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Minister signals major work to improve electives

30 June 2006

Minister signals major work to improve electives

The financial year that begins tomorrow will see a major work programme to encourage effectiveness and innovation in elective services, Health Minister Pete Hodgson announced today.

In a key speech on cost-effectiveness in the health system, the Minister made public a report on disincentives in elective services that points to significant issues about the interface between primary and secondary health care.

"The number of New Zealanders receiving elective procedures has increased significantly under Labour," Pete Hodgson said. "But people elect Labour governments to continually improve health services and electives is an area where we still have more to do.

"Over the last six months it has become clear that a number of barriers are standing in the way of effectiveness and innovation. For example, if a particular surgical service develops an innovative way to treat more patients that also saves money, the result may be a cut to their budget.

"I'm particularly concerned about the interface between primary health care and hospital services. A lot of patients are being referred into hospital elective services that could be treated in primary care if we give GPs the diagnostic tools and access to advice that they need."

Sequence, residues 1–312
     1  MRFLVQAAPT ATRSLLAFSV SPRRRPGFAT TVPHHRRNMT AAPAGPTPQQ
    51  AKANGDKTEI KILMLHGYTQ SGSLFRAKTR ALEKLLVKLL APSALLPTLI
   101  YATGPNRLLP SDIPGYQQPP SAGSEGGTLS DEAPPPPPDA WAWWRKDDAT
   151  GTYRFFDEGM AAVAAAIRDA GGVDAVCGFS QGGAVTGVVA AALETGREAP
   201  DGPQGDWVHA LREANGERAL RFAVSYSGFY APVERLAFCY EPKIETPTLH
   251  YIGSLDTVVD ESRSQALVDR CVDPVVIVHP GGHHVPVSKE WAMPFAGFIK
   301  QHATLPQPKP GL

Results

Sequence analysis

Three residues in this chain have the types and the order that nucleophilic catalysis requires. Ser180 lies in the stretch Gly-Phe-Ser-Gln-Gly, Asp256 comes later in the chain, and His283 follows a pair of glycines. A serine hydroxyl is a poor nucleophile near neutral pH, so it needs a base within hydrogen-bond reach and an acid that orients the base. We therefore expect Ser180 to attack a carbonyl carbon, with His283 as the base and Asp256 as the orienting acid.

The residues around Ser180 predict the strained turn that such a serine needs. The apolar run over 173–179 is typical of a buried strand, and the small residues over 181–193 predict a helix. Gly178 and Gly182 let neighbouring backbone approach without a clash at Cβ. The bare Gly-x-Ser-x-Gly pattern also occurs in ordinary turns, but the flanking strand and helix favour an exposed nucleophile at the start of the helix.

The Addressing Disincentives Working Party Report identifies 7 disincentives that are keeping district health boards from maximising elective service delivery:

- Efficiency gains are not rewarded at the point of delivery
- Perceived medico-legal risks discourage innovation
- Weaknesses in interface between primary and secondary care
- Poor access to diagnostic tools
- Negative consequences of using alternative providers
- Difficulties in assessing community need for elective surgery
- Striking the balance between acute and elective procedures

"I want the recommendations of this report work picked up by district health boards and implemented during the 2006/07 financial year. None of these issues alone will be a silver bullet solution, but addressing them together will lead to signficiant improvements in how we deliver elective surgery in New Zealand."


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